There have been recent reports of problems with carbon monoxide seeping into the cabins of car models of a leading SUV brand. Some drivers have been negatively affected by inhaling the carbon monoxide and passing out while they are driving. In one report, the manufacturer attributed the leaks of carbon monoxide into the cabin to aftermarket alterations to the cars. This may have some drivers asking what effect aftermarket modifications to a car can have on a product liability claim against a car manufacturer.
Some people chose to modify or repair their cars using parts that are not manufacturer made, and are instead made by another company. If these parts are made in an inferior manner and cause a defect in the car, the car owner has a claim against the company that made the parts. However, any possible claims against the car manufacturer will not be as easy to prove as most other product liability cases.
Generally, product liability cases, which would include defective car parts cases, are considered strict liability cases. This means that if the product is defective because of the way it operates or the way it was designed, and someone got injured, then the manufacturer is liable for damages. If the injured person can show that the car left the manufacturer’s possession in the defective state, he can recover damages.
The manufacturer or other named defendant in a products liability claim can use the modifications or the use of aftermarket parts as a defense to the products liability lawsuit. The manufacturer may be able to avoid liability to the extent that the modifications or aftermarket parts are deemed to have been a contributing factor to the accident. Modifications and alterations provide an affirmative defense for the manufacturer because they interfere with the injured person’s ability to prove that the product left the manufacturer in a defective state.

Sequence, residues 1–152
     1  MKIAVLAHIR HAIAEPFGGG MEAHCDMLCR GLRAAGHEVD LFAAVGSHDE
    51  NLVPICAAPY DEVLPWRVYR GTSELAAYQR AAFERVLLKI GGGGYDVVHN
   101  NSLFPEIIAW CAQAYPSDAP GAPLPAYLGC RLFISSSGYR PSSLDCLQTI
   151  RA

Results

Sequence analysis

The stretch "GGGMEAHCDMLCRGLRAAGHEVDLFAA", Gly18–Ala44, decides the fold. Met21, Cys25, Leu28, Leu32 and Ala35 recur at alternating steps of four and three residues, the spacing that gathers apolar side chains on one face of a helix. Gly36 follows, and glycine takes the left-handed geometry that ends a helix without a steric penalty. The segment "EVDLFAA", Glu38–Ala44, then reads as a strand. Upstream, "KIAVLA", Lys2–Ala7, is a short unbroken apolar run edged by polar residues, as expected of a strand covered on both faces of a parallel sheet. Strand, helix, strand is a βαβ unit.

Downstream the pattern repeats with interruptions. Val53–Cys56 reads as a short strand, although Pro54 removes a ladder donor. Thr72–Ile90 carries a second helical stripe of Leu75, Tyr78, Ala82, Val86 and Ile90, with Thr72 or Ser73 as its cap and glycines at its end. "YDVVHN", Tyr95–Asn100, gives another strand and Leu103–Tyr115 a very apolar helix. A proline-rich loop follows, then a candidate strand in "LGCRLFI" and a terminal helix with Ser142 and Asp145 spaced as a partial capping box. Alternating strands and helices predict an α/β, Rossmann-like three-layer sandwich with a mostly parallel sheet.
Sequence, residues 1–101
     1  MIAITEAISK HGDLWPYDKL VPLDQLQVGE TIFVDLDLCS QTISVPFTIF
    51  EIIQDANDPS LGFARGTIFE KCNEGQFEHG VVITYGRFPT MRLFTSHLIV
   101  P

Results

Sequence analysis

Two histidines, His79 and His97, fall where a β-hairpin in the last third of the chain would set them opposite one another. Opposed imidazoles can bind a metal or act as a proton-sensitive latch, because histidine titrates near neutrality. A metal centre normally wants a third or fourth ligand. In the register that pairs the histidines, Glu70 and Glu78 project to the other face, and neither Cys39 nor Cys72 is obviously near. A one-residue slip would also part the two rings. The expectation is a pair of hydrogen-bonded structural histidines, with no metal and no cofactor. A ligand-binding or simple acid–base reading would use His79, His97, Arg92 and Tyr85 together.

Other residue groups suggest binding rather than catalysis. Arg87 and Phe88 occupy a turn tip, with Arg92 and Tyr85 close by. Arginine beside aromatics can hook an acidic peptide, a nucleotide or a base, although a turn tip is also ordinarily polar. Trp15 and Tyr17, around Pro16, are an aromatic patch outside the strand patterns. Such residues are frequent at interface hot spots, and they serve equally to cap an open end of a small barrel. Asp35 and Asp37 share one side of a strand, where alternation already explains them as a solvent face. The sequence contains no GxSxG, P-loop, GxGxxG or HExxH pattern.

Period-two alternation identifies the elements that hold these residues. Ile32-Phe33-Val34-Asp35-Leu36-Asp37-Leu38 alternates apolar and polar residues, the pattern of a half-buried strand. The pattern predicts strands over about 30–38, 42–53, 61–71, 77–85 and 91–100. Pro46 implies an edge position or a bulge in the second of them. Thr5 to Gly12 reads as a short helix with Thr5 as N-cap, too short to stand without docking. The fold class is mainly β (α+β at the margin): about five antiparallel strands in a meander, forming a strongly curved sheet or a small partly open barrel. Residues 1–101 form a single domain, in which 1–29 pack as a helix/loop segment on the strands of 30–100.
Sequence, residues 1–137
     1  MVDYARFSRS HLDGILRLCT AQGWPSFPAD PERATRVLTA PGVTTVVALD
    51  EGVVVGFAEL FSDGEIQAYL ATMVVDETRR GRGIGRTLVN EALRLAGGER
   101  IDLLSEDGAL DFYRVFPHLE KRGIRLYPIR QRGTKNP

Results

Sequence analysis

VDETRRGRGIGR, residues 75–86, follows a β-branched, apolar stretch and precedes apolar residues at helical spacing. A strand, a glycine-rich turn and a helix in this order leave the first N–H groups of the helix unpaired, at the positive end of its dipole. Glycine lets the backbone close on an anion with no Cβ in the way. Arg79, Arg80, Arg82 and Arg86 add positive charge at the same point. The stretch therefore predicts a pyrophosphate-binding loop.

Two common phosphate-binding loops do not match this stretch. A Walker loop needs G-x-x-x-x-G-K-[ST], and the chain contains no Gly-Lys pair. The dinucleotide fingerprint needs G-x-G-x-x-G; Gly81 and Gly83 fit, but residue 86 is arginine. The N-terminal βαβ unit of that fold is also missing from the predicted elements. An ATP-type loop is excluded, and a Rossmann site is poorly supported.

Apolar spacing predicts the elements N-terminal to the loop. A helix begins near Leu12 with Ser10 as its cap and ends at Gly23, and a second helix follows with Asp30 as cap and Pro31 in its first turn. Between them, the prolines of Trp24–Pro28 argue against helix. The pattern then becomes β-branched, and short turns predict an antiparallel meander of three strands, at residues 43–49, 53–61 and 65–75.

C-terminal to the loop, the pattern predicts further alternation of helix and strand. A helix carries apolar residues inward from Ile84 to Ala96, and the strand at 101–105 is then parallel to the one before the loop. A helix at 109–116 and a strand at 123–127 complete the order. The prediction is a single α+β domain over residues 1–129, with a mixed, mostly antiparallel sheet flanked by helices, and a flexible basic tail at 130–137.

A person who gets into a car accident because of a defect in his car can file both a personal injury case against the negligent driver who caused the accident, and the car manufacturer for the defect in the car. Even if the defect was in the car that was driven by the negligent driver, the injured driver can still seek compensation from the manufacturer. For example, driver A gets into a car accident because a negligent driver ran a red light. Because driver A’s car has faulty airbags, driver A gets seriously injured. Driver A can seek compensation from the manufacturer. Similarly, if a driver drives into the wrong lane of traffic because he passed out due to fumes entering the vehicle cabin and causes an accident with driver B, both drivers may have product liability cases against the manufacturer.
Contact Us for Legal Assistance
If you sustained serious injuries in a Florida car accident because of both a defective car part and a negligent driver, you may be able to seek compensation from multiple parties. Consult with an experienced car accident attorney to learn more about how you can seek compensation. For a free consultation, contact an experienced car accident injury lawyer at Vocelle & Berg, LLP, in Vero Beach, Florida.